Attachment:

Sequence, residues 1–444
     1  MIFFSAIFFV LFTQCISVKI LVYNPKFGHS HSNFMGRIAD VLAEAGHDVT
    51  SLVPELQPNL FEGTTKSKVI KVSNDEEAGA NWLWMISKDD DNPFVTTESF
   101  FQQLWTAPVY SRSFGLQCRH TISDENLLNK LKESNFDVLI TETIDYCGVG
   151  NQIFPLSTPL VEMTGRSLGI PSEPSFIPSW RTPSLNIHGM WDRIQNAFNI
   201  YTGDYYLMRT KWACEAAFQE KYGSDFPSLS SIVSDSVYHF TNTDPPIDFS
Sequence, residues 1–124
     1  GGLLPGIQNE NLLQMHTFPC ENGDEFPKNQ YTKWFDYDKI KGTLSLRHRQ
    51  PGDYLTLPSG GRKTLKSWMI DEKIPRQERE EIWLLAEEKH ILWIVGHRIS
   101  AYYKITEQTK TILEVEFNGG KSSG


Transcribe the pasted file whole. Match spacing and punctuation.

Sequence, residues 1–444
     1  MIFFSAIFFV LFTQCISVKI LVYNPKFGHS HSNFMGRIAD VLAEAGHDVT
    51  SLVPELQPNL FEGTTKSKVI KVSNDEEAGA NWLWMISKDD DNPFVTTESF
   101  FQQLWTAPVY SRSFGLQCRH TISDENLLNK LKESNFDVLI TETIDYCGVG
   151  NQIFPLSTPL VEMTGRSLGI PSEPSFIPSW RTPSLNIHGM WDRIQNAFNI
   201  YTGDYYLMRT KWACEAAFQE KYGSDFPSLS SIVSDSVYHF TNTDPPIDFS
Sequence, residues 1–124
     1  GGLLPGIQNE NLLQMHTFPC ENGDEFPKNQ YTKWFDYDKI KGTLSLRHRQ
    51  PGDYLTLPSG GRKTLKSWMI DEKIPRQERE EIWLLAEEKH ILWIVGHRIS
   101  AYYKITEQTK TILEVEFNGG KSSG